At the end of the year, I like to do some review of what happened and planning for what’s to come across all the areas of my life. Am I cool with my job(s)? Do I need to talk to someone I haven’t? What’s that whirling void in my life…oh wait, I’m hungry.
Pro tip: don’t analyze your year when you’re hungry.
What do I do? I get a snack, make a list, and eventually get to dealing with my money. Here’s my recommendations:
1. DO NOT FORGET ABOUT IRAs
This is not a test, this is about getting older and getting to have the things you need.
While you can put up to $5,500/year into a personal IRA and a ROTH, you can open an IRA account at Betterment or Ellevest for $50, one at Schwab for $500, one at Domini for $1500. The important thing is getting the *account open* before the end of the year.
If you earn income, whether from a side business or a regular job, and you have anything left over at the end of the year, give future you some new shoes and hook it up.
2. MAKE SURE YOUR CURRENT MONEY IS WORKING AS HARD AS YOU DID TO GET IT
Look at your personal savings account(s) and:
- Make sure your emergency fund is what you think it needs to be. Things cost more each year, are you able to cover them? Have you taken on new planned costs? This year I upgraded to keeping 3 mos. of costs in there (I did 2 previously since my income was more limited). The experts recommend 3-6 months liquid saved.
- Consider if your money is working hard where it is. This year, I accepted that liquid savings (eg in a bank) isn’t the smartest place to keep alllll my savings since it’s not earning interest on par with inflation, and if I’m not using the money soon, some of my savings could make me money. I took what’s left after emergency fund and short term savings (upcoming travel, tattoos!) and put it into a ROTH IRA. What’s great about a ROTH? You already paid taxes on the money, so after age 59.5 you can take out earnings tax-free, and, if you want to take your principal out before you retire, you can. Other high-interest options include bonds and CDs.
- See if you can pay off extra on any debt. This year, I decided that I could afford to pay down my student loans some, and still cover all the rest of my goals. Yay!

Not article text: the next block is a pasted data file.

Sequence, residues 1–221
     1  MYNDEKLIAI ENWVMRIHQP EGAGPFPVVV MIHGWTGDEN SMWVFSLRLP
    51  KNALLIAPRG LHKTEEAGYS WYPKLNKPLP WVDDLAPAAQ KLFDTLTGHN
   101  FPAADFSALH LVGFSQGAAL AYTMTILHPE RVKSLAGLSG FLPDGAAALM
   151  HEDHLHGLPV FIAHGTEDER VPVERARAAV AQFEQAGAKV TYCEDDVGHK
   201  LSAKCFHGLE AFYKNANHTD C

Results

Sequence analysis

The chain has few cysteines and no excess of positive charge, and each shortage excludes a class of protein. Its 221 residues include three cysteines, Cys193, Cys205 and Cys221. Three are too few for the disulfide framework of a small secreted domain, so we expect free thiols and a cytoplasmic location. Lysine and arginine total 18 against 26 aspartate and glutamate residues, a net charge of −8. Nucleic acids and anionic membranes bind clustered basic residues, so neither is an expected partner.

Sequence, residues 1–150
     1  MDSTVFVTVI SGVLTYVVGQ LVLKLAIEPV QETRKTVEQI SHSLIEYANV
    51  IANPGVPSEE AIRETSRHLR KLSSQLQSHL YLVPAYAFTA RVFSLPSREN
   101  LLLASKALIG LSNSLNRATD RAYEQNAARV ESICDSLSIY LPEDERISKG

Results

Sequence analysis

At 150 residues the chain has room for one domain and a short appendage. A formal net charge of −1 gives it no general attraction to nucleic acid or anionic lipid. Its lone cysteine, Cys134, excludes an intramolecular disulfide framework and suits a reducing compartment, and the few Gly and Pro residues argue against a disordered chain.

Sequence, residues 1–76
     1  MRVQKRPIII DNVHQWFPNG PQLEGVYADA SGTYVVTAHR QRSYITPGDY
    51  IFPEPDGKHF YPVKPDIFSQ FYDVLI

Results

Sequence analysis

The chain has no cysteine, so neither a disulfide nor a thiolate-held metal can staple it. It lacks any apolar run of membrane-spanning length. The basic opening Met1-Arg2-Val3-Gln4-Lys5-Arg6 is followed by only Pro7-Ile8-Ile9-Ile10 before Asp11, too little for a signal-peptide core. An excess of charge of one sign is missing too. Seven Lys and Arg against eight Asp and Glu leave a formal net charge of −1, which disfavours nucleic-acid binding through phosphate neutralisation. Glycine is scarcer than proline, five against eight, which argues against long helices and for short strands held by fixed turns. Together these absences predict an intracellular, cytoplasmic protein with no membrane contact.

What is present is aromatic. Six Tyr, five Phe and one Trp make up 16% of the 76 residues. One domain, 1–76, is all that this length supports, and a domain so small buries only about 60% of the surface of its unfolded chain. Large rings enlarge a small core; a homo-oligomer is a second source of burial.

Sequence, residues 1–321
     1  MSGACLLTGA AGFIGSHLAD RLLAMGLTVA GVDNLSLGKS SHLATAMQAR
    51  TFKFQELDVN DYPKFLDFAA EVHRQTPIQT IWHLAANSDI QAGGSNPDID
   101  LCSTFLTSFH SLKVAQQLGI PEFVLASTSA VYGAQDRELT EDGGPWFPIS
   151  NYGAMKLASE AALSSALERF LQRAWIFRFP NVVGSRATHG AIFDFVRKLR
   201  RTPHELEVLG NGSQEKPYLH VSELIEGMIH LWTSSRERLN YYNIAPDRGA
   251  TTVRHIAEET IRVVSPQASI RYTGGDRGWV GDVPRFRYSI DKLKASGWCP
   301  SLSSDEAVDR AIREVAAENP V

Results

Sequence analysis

Look at your business bank account* and:
*Don’t have one? Do you have a small business? Start one as your first act of self-love in 2017. Trust me, it will simplify your life a lot.
- Make sure what you’ve forecasted for taxes is saved (good job, me – it was!)
- If/when there’s money above your tax needs, decide how to delegate it. This could look like:
– an amount put in an Individual IRA (thereby reducing taxes)
– an amount paid out to you in ca$$$h or put towards a ROTH IRA
– an amount held back for expenses early in 2017.
3. PROJECT NEXT YEAR & SET GOALS
Pencil. Spreadsheet. Tablet. Don’t care — since you JUST looked at this year, it’s going to be fresh in your mind. Do you think, if you saved $1000 in your vacation fund this year, you can do $1500 next year – how? from what account and into where?
Getting clear on what you want to do next year AND how you will pay for it make it WAY more possible. You deserve it, so take a gander.
4. EXPLORE OPTIONS IF IT IS TIME TO INVEST
After looking at everything and planning ahead, you’ll know if you have the income needed to put some aside into retirement or other investments. I’ve been doing a lot of research into various places to invest, and here’s what I’m doing:
1. Opening a new brokerage account at Schwab, where I already have a SEP IRA (for my small business), and clearing out some smaller investment accounts (byeee Acorns your $1/mo fee is losing me money!) to buy stock using that account. Just to do it.
2. Opening a personal IRA with Domini, purchasing their Equity Index since you can buy in for $1500 which isn’t nothing but is a lower-end buy-in for a solid SRI.
3. Opening a ROTH, somewhere, not sure yet, perhaps still with Schwab or maybe with Vanguard, I want to research my fund options and buy-in costs more.
5. PLAN TO EXECUTE YOUR PLAN
Great, there’s a plan to be smart with your money. But a plan unenacted is kind of just time wasted, right?
Get out your calendar and book time with yourself. One – two hours should do it. Your future self deserves and hour!